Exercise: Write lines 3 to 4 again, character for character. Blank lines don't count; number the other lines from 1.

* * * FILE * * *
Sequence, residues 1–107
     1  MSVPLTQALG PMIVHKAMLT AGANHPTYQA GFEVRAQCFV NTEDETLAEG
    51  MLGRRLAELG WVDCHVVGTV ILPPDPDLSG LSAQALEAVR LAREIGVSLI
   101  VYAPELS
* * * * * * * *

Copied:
    51  MLGRRLAELG WVDCHVVGTV ILPPDPDLSG LSAQALEAVR LAREIGVSLI
   101  VYAPELS